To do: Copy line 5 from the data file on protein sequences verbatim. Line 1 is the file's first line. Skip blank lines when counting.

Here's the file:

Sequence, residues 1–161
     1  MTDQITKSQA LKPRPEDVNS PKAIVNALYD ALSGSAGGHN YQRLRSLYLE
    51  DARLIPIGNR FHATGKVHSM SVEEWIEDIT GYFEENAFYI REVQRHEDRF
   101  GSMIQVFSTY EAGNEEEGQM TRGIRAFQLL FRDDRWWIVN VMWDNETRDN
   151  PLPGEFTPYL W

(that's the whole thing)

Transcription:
   151  PLPGEFTPYL W